Learning to catch different types of objects has been helpful to cerebral palsy improvement. The activity requires many movements to be brought together. All having to be coordinated in order to make a catch successfully. Playing catch was an exercise I had never thought much about. Going outside to play was as natural as eating dinner at night. Something everyone around me did when growing up. The struggles I had playing were due to my disability. So, I did my best to overcome the challenges holding me back. Never thinking about the physiological reasons for my struggles. Instead, hoping with age and better strength, the challenges might dissipate. The physical challenges that accompanied playing catch did subside. But, never to the point of making the activity easy. When Bernard brought the experience back into my life, it had been many years. I had given up the attempts to become better at catching a ball. It seems as we age, without having children of my own, playing catch turns itself into a less important skill. But, it feels as though Bernard has challenged me with catching for many valuable reasons. Concepts I would have never attributed to the seemingly simple act. The timing, coordination, and hand dexterity needed to catch feels complex. More complex than they seemed to be during my younger years. As Bernard has made the balls to catch more challenging, with my improvement, I begin to understand all the challenges.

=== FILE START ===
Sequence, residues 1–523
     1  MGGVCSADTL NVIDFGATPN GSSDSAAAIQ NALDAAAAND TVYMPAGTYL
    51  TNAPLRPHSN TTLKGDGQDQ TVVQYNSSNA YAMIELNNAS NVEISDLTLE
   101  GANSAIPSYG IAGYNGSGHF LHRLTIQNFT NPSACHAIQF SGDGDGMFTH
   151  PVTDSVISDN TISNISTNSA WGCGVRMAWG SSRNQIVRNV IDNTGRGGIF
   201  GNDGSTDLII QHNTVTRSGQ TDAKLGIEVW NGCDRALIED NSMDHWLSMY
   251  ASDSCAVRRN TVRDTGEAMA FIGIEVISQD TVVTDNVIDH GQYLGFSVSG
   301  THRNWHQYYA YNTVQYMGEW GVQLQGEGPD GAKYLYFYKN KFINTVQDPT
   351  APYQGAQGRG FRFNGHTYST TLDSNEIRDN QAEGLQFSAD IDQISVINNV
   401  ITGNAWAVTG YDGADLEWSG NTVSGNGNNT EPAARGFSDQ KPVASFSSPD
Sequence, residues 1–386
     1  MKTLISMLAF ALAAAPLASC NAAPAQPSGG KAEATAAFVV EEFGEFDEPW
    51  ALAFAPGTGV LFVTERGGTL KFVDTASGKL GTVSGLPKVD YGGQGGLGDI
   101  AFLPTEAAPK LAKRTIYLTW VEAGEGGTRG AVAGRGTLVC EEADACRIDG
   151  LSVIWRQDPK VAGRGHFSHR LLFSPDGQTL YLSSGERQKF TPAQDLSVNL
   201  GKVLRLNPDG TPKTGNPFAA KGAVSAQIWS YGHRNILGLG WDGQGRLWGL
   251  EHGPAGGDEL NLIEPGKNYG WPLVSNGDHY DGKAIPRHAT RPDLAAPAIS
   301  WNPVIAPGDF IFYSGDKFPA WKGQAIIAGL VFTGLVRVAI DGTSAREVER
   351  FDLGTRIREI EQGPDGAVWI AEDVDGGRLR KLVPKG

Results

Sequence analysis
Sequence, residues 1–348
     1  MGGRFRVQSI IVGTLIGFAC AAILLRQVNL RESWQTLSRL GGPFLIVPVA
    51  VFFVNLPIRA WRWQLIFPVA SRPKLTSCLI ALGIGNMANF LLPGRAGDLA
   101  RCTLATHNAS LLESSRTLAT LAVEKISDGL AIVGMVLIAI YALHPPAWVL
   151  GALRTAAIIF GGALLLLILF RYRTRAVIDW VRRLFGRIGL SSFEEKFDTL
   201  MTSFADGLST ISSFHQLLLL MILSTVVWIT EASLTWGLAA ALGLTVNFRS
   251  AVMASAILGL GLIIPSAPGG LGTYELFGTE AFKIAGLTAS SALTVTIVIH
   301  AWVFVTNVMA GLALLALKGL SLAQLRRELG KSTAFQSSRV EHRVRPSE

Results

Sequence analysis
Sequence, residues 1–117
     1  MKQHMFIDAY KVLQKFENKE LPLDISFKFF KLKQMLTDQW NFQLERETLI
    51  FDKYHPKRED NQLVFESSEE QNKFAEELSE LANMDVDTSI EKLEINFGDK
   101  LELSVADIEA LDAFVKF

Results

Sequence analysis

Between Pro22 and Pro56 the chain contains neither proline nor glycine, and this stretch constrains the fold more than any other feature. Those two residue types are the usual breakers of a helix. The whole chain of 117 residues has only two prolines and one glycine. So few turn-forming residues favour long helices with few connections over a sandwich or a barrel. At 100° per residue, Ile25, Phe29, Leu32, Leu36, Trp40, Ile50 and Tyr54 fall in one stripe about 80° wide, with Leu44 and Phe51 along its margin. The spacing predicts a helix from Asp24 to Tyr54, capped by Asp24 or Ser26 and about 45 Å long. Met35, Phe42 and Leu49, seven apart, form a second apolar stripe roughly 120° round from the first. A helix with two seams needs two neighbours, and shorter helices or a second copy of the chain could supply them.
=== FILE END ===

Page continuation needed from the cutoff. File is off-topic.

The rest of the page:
I didn’t have a good understanding of the journey we were taking. When the process of catching began, there was no telling how far it would venture. The first catches were part of an exercise called “ball slams.” Raising a ten-pound exercise ball above my head and throwing it against the ground. With previous trainers, this exercise had been done numerous times. They seemed to take it slightly easier on me, by allowing me to pick the ball off the ground, before slamming it again. When Bernard had me working the “ball slam,” I was required to catch the ball as it bounced off the floor. Our first adventure into the world of catching a ball. It frustrated me when he wanted the rebound caught. The extra challenged felt like it made ball slams 100 percent more challenging. It was hard to gain balance enough after throwing the ball downward to catch its bounce. Through the irritation with myself and pointers from Bernard. I learned how to open my hand to receive the ball and how to anticipate the catch after my release. Soon, I had improved to a space of counting repetitions by the number of catches made. If the rebound of the slam was bobbled and dropped, the repetition had to be done over again. The requirement was a strong signal of improvement. We moved on to catching the lacrosse ball.